Throughout NASA’s technology roadmap the need for improved materials is called out in nearly all Technology Areas and are highlighted as the enablers behind the structures, devices, vehicles, power, life support, propulsion, entry, and many other systems that NASA develops and uses to fulfill its missions. This need is evident in the next-generation aerospace programs, which demand lightweight composite materials that can endure higher service temperatures in structural and hot section components. New materials are required with improved properties, combinations of properties and reliability. While composite materials have become ubiquitous in aerospace structures over the past decade, they have the major limitation that they are prove to delamination through interlaminar cracking. Trimer Technologies recently identified a unique interlaminar reinforcement technology based on graphene applied to the surface of a prepreg which through preliminary testing has been shown to increase the Mode II fracture toughness of IM7/8552 prepreg by 42% compared to bare prepreg. This material enhancement is achieved using a low-cost approach which is scalable and can be applied directly to the surface of existing prepregs or formed and applied in line with filament winding or automated tow placement procedures. The research proposed will study the graphene formation, demonstrate roll-to-roll manufacturing and optimize the graphene structure to maximize the strength and toughness of fiber reinforced composites. The proposed approach offers a novel, scalable and low-cost method to increase the toughness of composite materials with thermally stable and high strength graphene. Moreover, the superior electrical and thermal properties of graphene may be leveraged to reduce manufacturing costs and add multifunctionality.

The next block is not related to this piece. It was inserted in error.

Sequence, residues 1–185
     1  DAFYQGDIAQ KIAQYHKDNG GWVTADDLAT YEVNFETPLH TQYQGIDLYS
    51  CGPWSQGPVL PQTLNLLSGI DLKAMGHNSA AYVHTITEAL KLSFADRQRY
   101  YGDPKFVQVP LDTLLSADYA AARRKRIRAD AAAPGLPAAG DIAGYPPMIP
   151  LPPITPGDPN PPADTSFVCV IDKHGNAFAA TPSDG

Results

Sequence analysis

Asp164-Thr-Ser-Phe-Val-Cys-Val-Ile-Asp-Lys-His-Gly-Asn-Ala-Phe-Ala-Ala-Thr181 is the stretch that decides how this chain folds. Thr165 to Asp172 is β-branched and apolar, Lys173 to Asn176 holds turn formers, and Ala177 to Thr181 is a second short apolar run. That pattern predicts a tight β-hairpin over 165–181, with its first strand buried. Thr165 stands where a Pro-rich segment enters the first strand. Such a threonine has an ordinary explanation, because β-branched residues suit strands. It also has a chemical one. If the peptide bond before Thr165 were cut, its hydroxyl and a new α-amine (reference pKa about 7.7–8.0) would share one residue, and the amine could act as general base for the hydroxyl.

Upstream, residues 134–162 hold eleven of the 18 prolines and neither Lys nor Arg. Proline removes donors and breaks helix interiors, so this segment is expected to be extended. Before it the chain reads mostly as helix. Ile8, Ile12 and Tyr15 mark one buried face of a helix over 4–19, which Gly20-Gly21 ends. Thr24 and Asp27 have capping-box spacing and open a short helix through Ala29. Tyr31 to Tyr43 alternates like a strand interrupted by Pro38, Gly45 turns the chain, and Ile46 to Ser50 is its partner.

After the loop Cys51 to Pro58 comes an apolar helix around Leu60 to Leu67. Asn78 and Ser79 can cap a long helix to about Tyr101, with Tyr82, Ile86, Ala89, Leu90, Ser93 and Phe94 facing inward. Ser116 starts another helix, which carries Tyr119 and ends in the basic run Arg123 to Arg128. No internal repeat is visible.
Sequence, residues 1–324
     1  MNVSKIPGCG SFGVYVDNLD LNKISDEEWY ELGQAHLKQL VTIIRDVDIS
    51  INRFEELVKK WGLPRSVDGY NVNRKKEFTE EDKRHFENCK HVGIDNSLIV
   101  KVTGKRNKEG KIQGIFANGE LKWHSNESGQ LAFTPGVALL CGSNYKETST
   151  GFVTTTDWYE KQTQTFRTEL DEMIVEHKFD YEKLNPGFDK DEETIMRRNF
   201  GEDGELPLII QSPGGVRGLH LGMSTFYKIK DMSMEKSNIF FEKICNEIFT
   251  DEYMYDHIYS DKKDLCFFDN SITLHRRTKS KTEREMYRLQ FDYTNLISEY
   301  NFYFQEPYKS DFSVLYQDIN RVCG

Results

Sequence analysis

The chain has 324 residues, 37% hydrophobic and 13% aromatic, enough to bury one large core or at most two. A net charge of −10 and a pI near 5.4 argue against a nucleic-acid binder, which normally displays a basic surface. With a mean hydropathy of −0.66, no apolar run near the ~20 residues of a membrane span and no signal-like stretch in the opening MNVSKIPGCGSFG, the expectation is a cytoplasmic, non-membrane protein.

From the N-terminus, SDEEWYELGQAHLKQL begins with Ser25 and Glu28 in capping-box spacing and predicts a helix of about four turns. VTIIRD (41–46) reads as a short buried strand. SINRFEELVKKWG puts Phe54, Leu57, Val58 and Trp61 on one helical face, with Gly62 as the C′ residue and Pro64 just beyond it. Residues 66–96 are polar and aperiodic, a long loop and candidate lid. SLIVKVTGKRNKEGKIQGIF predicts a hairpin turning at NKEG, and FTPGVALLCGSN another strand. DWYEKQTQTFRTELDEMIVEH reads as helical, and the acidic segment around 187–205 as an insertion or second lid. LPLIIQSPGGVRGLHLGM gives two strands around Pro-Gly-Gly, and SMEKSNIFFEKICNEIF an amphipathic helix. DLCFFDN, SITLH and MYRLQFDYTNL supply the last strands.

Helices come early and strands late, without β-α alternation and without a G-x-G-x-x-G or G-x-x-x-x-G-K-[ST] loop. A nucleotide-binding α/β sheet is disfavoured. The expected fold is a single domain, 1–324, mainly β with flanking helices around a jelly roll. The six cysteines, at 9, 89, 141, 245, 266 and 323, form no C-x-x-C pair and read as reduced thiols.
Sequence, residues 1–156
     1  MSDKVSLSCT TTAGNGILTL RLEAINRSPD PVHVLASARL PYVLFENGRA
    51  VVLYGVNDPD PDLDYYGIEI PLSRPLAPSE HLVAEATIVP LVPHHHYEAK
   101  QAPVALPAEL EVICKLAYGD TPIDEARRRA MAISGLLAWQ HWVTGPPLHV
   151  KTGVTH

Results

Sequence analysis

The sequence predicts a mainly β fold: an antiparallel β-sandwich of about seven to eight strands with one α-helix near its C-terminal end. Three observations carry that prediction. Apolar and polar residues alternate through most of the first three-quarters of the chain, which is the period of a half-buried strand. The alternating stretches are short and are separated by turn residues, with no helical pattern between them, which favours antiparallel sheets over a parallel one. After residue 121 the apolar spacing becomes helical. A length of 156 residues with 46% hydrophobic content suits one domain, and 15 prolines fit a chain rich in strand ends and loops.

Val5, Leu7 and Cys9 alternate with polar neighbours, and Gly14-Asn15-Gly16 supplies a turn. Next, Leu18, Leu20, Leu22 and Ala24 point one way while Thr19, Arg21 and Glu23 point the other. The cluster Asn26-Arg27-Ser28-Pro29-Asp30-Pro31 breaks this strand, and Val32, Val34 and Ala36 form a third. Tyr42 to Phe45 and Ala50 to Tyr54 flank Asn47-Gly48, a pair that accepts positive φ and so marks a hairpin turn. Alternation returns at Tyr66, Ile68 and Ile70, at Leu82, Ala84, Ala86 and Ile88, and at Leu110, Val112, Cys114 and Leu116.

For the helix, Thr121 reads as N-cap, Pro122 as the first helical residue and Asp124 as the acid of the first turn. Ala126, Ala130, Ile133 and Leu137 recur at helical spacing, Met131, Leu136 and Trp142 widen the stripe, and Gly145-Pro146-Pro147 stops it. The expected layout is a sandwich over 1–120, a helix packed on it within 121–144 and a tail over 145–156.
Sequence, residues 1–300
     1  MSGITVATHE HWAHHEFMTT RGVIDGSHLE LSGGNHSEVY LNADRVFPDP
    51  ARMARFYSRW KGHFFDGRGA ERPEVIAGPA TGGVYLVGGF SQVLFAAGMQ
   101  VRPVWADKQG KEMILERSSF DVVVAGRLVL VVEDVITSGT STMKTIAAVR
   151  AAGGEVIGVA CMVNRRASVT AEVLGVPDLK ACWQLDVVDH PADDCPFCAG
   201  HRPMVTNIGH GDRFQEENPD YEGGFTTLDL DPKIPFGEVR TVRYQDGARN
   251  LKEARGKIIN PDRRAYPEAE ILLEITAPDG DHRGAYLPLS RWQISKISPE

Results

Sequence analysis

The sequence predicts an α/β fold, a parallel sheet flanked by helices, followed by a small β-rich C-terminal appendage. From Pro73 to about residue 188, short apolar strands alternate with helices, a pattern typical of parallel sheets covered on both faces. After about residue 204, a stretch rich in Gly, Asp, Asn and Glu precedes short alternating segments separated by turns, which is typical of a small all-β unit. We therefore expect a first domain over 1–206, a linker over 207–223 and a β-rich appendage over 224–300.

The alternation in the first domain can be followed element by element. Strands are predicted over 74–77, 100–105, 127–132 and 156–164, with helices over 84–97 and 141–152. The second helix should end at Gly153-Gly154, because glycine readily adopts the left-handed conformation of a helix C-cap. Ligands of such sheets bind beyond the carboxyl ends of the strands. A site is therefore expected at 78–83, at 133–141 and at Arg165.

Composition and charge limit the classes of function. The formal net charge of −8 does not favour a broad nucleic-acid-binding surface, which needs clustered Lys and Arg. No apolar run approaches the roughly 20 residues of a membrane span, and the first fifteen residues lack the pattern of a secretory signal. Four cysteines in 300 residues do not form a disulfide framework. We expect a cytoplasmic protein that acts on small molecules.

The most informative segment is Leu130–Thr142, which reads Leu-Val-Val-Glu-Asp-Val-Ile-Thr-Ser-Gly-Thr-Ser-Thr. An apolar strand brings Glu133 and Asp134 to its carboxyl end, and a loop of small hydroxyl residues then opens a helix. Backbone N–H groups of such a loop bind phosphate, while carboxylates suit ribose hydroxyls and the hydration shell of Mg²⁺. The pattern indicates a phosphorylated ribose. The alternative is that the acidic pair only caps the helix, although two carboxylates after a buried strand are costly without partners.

NASA’s Technology Roadmap calls for advanced composite materials that are low cost yet offer improved mechanical strength and toughness to maximize the performance of next generation of aerospace structures. This research will directly address this goal through a new low-cost technique to increase interlaminar strength and toughness of polymer matrix composites. Because composites are being utilized across NASA’s mission, the technology proposed here has clear potential to impact a wide range of aerospace applications.
The quality of the interlaminar region is one of the most important factors in the design of a fiber-reinforced composite and will be address in this SBIR. With commercial composite applications ranging from wind turbines to prosthetics and vehicles, the technology will provide a means for increasing material durability and failure resistance, making composites more economical and sustainable.